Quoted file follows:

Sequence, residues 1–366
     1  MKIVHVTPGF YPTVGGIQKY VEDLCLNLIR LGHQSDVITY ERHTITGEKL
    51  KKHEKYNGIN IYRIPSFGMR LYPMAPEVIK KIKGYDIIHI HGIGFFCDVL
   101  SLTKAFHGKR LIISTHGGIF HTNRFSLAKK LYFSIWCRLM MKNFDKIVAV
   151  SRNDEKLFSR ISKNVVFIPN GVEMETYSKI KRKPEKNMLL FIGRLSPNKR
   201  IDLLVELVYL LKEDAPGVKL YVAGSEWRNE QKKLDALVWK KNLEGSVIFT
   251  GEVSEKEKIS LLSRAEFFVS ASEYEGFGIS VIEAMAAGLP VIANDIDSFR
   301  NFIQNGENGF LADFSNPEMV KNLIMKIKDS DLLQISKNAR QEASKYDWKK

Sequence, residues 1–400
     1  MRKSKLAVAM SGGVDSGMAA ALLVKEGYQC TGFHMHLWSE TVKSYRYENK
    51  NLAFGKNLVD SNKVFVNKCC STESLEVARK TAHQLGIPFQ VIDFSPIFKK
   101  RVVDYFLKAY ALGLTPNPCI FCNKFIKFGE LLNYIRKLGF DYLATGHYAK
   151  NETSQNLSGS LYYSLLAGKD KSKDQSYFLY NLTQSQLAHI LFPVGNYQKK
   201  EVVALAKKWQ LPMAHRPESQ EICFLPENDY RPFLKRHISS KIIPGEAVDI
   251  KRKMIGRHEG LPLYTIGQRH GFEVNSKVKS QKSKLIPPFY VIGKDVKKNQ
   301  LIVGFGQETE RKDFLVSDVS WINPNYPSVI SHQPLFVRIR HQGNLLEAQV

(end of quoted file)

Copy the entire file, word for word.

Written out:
Sequence, residues 1–366
     1  MKIVHVTPGF YPTVGGIQKY VEDLCLNLIR LGHQSDVITY ERHTITGEKL
    51  KKHEKYNGIN IYRIPSFGMR LYPMAPEVIK KIKGYDIIHI HGIGFFCDVL
   101  SLTKAFHGKR LIISTHGGIF HTNRFSLAKK LYFSIWCRLM MKNFDKIVAV
   151  SRNDEKLFSR ISKNVVFIPN GVEMETYSKI KRKPEKNMLL FIGRLSPNKR
   201  IDLLVELVYL LKEDAPGVKL YVAGSEWRNE QKKLDALVWK KNLEGSVIFT
   251  GEVSEKEKIS LLSRAEFFVS ASEYEGFGIS VIEAMAAGLP VIANDIDSFR
   301  NFIQNGENGF LADFSNPEMV KNLIMKIKDS DLLQISKNAR QEASKYDWKK

Sequence, residues 1–400
     1  MRKSKLAVAM SGGVDSGMAA ALLVKEGYQC TGFHMHLWSE TVKSYRYENK
    51  NLAFGKNLVD SNKVFVNKCC STESLEVARK TAHQLGIPFQ VIDFSPIFKK
   101  RVVDYFLKAY ALGLTPNPCI FCNKFIKFGE LLNYIRKLGF DYLATGHYAK
   151  NETSQNLSGS LYYSLLAGKD KSKDQSYFLY NLTQSQLAHI LFPVGNYQKK
   201  EVVALAKKWQ LPMAHRPESQ EICFLPENDY RPFLKRHISS KIIPGEAVDI
   251  KRKMIGRHEG LPLYTIGQRH GFEVNSKVKS QKSKLIPPFY VIGKDVKKNQ
   301  LIVGFGQETE RKDFLVSDVS WINPNYPSVI SHQPLFVRIR HQGNLLEAQV